Positive mindset through science: Can I be a “stem cell” when I grow up?
Author: Raquel Leão Monteiro
Have you ever been asked “What do you want to be when you grow up?” Young children’s dreams seem limitless. We want to be a popstar, a doctor, an astronaut, an actor – all at the same time. I, for one, wanted to be a radio broadcaster. However, curiosity led me down a scientific path as time went by. Science offered me new perspectives to keep track of my surroundings and be resilient when nothing seemed to make sense.
As an aspiring molecular pathologist, one of my goals was to keep aligning this knowledge with the powerful impact of education. Because of this, through the Leadership Development Program ‘Teach for Portugal’ I started working full-time as a pedagogic mentor in a local school. As such, I develop collective leadership approaches with teachers and other community elements through co-teaching in class, and advocating for diversity, equity and inclusion, to ensure all children can fulfil their potential. I give my students the opportunity to experiment and put into practice what they learned in class. If not possible, due to material or space limitations, I prepare a surprise topic to motivate their learning experience outside the typical class curriculum.
Like Native Scientists, this work enables me to foster learning experiences for students and show them how the language of science can have a positive impact on their lives regardless of economic, social, and cultural backgrounds. I want my experience as an educator to be transformative, and I recently had an illuminating example of my work’s impact.
During a sixth-grade science class, we were studying how various cells split and grow, stumbling upon a peculiar group of cells – stem cells. Typically, these are not included in the curriculum, but I decided to explore them in class anyway. Stem cells are known to be the earliest cells of most tissues, found in several stages of development, and can renovate and differentiate into various types of cells when facing adversities. Plus, they undergo a period of proliferation in an undifferentiated state until they specialize based on the environment around them. Basically, over time, they go through a phase of rapid growth and multiplication while they are still uncertain of what to do, until they eventually develop specific characteristics that match their environment or needs.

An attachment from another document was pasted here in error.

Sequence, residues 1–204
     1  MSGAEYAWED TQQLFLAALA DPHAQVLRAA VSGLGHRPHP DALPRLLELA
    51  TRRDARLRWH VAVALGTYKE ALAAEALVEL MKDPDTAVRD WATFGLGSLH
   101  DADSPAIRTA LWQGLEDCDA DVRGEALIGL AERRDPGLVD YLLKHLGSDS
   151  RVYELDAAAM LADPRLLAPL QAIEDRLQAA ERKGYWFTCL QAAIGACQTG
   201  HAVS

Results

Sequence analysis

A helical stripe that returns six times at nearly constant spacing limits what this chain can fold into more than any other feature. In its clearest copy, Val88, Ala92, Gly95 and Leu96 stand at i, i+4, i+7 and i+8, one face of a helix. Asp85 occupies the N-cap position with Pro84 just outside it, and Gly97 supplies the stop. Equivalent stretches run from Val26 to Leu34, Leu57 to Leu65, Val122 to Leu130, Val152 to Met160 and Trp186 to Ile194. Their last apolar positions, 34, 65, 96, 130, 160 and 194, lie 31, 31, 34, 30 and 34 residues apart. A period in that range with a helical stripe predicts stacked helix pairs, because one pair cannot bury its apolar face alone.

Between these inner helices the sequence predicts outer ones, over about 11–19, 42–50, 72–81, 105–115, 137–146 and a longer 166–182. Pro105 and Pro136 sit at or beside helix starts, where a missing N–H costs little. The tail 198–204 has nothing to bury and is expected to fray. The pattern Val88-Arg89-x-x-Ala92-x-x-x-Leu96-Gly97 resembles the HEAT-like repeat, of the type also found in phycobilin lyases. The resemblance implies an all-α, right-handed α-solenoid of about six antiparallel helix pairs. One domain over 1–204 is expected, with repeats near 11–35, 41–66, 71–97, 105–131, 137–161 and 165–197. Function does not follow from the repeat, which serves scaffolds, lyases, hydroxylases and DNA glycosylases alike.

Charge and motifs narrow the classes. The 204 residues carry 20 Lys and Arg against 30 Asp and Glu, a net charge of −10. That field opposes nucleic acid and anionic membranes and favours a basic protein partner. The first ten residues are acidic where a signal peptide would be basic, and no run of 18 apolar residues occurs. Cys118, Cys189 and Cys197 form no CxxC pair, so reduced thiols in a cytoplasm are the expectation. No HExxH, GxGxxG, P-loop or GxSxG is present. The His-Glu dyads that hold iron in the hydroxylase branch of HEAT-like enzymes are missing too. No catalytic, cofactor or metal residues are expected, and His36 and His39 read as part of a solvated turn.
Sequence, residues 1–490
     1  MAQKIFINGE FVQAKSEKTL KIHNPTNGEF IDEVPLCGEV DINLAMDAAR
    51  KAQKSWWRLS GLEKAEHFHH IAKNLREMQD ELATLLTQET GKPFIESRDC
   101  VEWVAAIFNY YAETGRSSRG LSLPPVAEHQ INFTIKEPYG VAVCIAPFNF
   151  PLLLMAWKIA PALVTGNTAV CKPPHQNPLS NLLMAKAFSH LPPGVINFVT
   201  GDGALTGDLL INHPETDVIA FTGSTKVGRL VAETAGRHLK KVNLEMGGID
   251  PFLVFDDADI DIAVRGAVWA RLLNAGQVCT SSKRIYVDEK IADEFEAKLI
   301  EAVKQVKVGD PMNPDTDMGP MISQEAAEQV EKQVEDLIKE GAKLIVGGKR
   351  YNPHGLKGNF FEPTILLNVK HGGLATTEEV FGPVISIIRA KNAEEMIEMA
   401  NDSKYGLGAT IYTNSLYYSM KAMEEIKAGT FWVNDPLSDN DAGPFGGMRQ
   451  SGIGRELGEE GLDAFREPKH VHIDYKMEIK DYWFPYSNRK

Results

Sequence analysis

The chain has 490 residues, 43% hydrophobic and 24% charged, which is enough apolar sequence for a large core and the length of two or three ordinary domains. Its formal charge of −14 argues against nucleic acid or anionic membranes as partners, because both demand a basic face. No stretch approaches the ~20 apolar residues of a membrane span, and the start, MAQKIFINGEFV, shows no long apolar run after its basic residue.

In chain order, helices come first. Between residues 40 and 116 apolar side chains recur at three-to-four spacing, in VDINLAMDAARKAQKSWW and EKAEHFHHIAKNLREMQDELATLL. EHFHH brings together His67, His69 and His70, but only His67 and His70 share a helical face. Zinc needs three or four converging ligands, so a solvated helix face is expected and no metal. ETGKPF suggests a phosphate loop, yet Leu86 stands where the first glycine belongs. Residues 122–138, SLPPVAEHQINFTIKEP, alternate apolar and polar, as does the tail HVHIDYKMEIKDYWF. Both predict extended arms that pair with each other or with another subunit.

Like stem cells, between childhood and adulthood, all of us face a transitional phase of growth and development. Our surroundings and experiences influence our adolescence. In this phase, we begin to identify who we are, what we like or dislike, and who we want to be later in life which, metaphorically, is very similar to these cells’ ability.
Stereotypes about some students portray them as ordinary rebellious, distracted, thoughtless, and daring adolescents. However, educators can engage them within the class, more than expected. Two weeks after my lesson, when asked to develop SMART goals and share what they want to be when they grow up in a citizenship education class, three students said they wanted to be stem cells. I was speechless with this outcome. They explained that they wanted to be able to fight no matter the challenges they face. It amazed them that stem cells could be anything and were hopeful they could learn how to be like them. With that, these “new aspiring stem cells” expressed the desire to find new ways to adapt their lives, even if they didn´t have a particular answer right now.
As stated by UNESCO (2022), the increase in scientific literacy must also consider societal needs and global challenges. Public engagement with science needs to include social context and research must endeavour to be relevant to it. While students absorbed their everyday experiences, economically or culturally, some of them felt inspired by stem cells. The cells were something they couldn´t see or touch, but had the opportunity to learn about their behaviour and that was enough to initiate a positive mindset.
This experience is proof that the intertwine between science, knowledge, and general experiences is all around us, but sometimes it's difficult to measure its power. Knowing about stem cells was powerful enough to rescue hope, advocating the need for diversity, self-growth, and resilience in this class. Nevertheless, what if this knowledge could be communicated this way to other publics? Would stem cells also inspire us to be the best version of ourselves as we grow older?